Malawi adopts UN guidelines on AIDS

Sep 29, 2010

(AP) -- Malawi's vice president says her AIDS-ravaged southern African country will adopt the latest U.N. health guidelines that call for putting HIV-positive people on drugs sooner.

That means some 500,000 Malawians could be on drugs by July, double the number now being treated. Still, nearly a million Malawians are believed to need the drugs.

Joyce Banda made the announcement Wednesday during a meeting with religious leaders to discuss fighting AIDS.

Most Malawians now get AIDS treatment free, thanks to groups like the Global Fund to Fight AIDS, Tuberculosis and Malaria. At least 12 percent of Malawi's 13.1 million people have .

The U.N. issued its new guidance on AIDS last year. Poor countries have struggled to comply.

Explore further: Global research reaches for consensus on HIV treatment response

not rated yet
add to favorites email to friend print save as pdf

Related Stories

WHO: Treat HIV patients sooner

Nov 30, 2009

(AP) -- People infected with the virus that causes AIDS should start treatment earlier than currently recommended, the World Health Organization said Monday.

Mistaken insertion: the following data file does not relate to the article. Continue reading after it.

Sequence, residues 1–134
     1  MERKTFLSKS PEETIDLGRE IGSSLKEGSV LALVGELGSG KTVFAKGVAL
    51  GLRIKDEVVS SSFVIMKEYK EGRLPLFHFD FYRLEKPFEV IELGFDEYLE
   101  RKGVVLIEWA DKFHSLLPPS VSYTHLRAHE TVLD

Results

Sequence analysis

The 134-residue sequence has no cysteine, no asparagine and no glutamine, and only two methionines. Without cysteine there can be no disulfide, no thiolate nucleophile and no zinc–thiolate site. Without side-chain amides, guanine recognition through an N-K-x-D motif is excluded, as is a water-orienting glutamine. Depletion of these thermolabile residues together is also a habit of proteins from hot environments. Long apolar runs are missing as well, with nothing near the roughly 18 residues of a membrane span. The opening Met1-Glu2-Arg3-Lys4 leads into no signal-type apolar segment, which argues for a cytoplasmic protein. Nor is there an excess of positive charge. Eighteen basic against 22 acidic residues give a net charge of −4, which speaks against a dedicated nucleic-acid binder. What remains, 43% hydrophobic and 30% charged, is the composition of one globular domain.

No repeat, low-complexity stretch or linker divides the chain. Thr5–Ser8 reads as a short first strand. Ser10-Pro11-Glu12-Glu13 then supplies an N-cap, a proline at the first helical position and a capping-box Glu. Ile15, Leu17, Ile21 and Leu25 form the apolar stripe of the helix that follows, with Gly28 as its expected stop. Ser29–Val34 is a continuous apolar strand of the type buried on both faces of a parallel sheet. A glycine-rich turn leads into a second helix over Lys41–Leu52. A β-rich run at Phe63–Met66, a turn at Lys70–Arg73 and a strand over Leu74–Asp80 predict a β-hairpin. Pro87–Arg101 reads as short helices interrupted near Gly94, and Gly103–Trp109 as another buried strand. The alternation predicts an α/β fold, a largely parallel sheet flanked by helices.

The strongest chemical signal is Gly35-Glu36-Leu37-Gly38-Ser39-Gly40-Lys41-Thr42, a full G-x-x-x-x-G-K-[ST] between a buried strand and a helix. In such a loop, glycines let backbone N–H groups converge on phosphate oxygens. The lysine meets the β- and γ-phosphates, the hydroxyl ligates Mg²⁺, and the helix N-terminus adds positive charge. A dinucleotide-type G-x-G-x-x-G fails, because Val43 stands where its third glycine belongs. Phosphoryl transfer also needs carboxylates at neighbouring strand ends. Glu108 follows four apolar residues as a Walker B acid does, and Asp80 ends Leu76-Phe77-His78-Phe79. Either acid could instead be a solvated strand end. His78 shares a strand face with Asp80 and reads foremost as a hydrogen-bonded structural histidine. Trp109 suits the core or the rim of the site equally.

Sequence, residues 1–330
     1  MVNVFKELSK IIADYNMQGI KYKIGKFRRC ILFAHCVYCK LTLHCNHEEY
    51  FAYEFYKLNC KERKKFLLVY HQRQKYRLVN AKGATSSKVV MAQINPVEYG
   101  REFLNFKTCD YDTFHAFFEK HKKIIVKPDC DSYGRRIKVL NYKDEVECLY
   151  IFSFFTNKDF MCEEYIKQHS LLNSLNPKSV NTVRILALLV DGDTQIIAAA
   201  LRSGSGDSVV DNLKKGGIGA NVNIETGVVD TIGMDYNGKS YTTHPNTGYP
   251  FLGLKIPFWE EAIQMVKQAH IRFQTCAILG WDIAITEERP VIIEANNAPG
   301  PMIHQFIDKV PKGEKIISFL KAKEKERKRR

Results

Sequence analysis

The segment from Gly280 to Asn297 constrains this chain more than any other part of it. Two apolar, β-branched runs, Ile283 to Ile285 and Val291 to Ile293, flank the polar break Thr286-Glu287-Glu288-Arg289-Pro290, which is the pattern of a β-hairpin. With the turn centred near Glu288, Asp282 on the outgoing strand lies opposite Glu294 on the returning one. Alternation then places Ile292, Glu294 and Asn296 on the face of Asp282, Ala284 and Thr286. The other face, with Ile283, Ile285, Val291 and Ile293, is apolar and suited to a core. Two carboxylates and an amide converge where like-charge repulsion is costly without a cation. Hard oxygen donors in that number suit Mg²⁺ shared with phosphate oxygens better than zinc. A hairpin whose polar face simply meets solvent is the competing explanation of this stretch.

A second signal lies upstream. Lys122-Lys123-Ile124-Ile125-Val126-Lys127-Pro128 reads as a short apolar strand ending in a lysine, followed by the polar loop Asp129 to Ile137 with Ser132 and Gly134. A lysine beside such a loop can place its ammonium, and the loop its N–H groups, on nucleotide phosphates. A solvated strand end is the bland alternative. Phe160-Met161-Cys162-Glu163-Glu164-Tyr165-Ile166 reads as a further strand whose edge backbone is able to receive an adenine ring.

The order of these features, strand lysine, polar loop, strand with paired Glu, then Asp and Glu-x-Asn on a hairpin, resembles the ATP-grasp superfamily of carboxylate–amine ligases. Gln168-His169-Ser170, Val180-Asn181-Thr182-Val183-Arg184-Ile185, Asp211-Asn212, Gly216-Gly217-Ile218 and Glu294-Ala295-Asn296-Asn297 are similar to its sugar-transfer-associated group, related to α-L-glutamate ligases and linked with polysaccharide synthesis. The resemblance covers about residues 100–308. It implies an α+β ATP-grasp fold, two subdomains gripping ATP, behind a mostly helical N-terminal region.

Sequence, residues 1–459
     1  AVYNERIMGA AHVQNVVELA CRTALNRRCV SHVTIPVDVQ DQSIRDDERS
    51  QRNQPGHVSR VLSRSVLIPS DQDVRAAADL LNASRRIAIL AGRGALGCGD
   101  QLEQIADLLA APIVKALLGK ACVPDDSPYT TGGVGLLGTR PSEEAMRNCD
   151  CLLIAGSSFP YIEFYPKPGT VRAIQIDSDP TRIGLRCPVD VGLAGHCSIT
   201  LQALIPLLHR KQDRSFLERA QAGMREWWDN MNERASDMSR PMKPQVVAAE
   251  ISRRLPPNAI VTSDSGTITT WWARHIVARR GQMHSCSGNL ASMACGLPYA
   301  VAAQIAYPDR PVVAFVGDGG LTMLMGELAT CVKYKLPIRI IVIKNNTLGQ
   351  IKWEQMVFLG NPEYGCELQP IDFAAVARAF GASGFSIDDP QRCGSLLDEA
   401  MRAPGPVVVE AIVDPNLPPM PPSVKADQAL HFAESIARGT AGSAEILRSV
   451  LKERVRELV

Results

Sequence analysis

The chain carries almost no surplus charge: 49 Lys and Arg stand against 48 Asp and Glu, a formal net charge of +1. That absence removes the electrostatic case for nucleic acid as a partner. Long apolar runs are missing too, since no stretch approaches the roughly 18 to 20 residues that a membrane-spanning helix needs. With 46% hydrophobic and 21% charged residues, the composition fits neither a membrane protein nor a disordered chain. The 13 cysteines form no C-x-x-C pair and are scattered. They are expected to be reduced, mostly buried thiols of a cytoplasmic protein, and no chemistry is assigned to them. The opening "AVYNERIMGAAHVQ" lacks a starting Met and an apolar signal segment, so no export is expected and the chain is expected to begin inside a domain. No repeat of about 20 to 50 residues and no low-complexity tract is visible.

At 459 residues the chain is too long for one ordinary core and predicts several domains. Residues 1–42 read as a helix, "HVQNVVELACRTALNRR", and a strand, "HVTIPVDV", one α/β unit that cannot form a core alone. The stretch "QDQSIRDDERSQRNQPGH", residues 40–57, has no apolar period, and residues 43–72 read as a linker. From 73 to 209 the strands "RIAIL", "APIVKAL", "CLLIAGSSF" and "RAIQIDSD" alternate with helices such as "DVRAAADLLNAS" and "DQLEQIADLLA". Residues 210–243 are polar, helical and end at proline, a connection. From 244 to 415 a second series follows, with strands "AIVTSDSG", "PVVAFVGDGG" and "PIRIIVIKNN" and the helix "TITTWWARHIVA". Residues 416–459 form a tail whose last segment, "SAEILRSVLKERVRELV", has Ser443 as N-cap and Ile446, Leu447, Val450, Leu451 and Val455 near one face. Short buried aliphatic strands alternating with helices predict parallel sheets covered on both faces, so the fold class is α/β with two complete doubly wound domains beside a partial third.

Resignation of SA health minister sought

Sep 06, 2006

Pressure is mounting on South Africa's Health Minister to resign for suggesting garlic, lemons and African potatoes as alternative HIV treatment.

More AIDS patients die of other causes

Sep 19, 2006

New York's Bureau of HIV/AIDS Prevention and Control report has said it is becoming less common for AIDS patients to die of causes related to the disease.

Funding woes overshadow AIDS conference

Jul 22, 2010

(AP) -- Rich countries must give more for the fight against AIDS or risk jeopardizing progress in battling the disease, participants at an international conference urged Thursday.

Recommended for you

HIV lessons from the Mississippi Baby

Aug 29, 2014

(Medical Xpress)—The news in July that HIV had returned in a Mississippi toddler after a two-year treatment-free remission dashed the hopes of clinicians, HIV researchers and the public at large tantalized ...

User comments : 0